The Eaton Diary of London    2001  

The Arrival

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Wednesday March 7.   Arriving with Great Expectations.


Arrived 9.00 a.m. at Heathrow Airport, full of expectation – 12 months in London, what an opportunity! Everyone back home encouraged us on this great adventure. We didn’t know what to expect, but everything about the London experience seemed exciting. However, one by one our romantic notions of what it might be like to live in one of the world’s greatest cities, are being challenged. Being met at the airport didn’t quite go as per the script, but we eventually found our driver, and headed for our accommodation where we longed for some rest and refreshment.


First impressions are what count, they say. We were warned that the lifestyle wouldn’t be what we are used to, but we weren’t prepared for what greeted us. We struggled into a grubby foyer with our four suitcases and hand luggage, and waited for some time by the lift to go to our 2nd and 3rd floor rooms. Eventually a friendly girl came to our rescue. Amy spoke our language and understood the shocked look on our faces. She went through the same thing herself 12 months ago when she arrived from Glenalta, Adelaide, to nurse in London. (It’s a small world.) Her cheery greeting was, “You’re wasting your time waiting for the lift. It hasn’t worked in centuries,” and she proceeded to help us lug the bags upstairs. Our rooms had none of the basics, not even a cup for a drink, and besides the sink taps warned us the water is not for drinking. The idea of separate rooms on separate floors was a disappointment, but even worse were the shared showers and toilets down the hallway - I won’t attempt to describe the state of the toilet nearest my room.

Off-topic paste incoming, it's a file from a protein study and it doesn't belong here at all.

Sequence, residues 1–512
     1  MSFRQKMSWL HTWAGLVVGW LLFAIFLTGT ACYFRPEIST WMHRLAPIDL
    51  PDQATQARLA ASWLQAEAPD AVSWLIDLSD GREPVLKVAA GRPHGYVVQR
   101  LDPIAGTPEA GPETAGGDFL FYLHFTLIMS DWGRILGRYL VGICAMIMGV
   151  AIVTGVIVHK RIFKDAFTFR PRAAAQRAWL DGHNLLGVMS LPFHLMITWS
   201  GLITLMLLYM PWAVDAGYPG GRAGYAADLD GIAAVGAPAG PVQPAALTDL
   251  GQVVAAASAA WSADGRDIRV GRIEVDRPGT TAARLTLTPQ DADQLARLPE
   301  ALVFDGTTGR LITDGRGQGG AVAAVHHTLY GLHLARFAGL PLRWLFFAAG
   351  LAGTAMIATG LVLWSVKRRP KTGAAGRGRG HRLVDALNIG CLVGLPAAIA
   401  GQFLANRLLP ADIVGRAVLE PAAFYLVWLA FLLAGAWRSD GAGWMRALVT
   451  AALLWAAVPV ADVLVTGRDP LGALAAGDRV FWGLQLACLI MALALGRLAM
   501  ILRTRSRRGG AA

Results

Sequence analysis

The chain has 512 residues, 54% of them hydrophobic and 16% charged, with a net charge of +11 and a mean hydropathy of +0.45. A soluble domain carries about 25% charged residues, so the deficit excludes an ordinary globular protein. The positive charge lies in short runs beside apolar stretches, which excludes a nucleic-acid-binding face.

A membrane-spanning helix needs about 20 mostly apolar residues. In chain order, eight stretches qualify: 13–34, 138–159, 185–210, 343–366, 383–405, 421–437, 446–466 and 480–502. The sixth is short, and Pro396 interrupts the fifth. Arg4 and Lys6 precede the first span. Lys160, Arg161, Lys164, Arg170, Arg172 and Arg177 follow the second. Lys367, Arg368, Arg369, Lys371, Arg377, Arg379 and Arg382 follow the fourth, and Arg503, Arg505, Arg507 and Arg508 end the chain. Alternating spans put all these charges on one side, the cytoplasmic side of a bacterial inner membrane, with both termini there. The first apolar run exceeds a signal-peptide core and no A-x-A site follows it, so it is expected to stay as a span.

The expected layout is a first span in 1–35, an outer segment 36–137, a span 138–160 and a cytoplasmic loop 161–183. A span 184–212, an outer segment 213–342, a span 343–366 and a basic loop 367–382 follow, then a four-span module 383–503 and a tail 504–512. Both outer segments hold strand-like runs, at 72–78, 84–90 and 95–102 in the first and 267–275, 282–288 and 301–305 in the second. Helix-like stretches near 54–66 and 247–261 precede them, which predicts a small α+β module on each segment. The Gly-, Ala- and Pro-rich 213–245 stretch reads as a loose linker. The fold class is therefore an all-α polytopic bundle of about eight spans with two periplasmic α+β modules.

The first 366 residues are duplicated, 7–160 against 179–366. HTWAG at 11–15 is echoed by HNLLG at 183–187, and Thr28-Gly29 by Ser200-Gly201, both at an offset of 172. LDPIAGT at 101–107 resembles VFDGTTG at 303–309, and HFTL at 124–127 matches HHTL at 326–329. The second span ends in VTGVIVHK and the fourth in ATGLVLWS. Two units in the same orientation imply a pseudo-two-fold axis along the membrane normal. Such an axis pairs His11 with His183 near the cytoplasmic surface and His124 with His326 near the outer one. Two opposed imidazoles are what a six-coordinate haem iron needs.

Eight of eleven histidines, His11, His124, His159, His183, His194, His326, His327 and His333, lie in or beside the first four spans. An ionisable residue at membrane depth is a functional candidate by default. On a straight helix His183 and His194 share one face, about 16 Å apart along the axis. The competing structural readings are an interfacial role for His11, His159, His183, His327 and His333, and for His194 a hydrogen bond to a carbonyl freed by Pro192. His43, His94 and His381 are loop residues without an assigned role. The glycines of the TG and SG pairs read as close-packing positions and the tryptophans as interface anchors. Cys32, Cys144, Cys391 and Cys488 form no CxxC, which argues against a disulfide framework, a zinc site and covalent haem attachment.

The rooms however are clean and warm, so I’m sure we’d get things in order and comfortable soon enough, and then we’ll get on with job of finding permanent accommodation. The Nursing Agency ladies met us and did their best to encourage us and disguise their own embarrassment at the state of the place. Since we were desperate for a drink, they said they’d shout us lunch. Of course we didn’t realize that meant we’d have to walk. A walk is something we’d do at our leisure for the good of our health, not something we do for essentials like food and water. But that’s the way it is in Central London. I expect our attitudes and habits will be in need of some serious adjustments. It will be good for us. (- an oft repeated phrase!)

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